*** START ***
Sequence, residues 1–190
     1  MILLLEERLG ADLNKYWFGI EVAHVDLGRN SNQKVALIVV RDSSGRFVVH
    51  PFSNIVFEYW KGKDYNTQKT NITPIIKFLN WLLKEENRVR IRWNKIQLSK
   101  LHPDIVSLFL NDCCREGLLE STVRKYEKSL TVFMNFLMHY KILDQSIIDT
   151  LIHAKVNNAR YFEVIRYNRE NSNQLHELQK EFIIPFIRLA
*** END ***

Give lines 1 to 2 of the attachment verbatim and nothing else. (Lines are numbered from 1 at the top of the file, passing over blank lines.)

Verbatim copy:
Sequence, residues 1–190
     1  MILLLEERLG ADLNKYWFGI EVAHVDLGRN SNQKVALIVV RDSSGRFVVH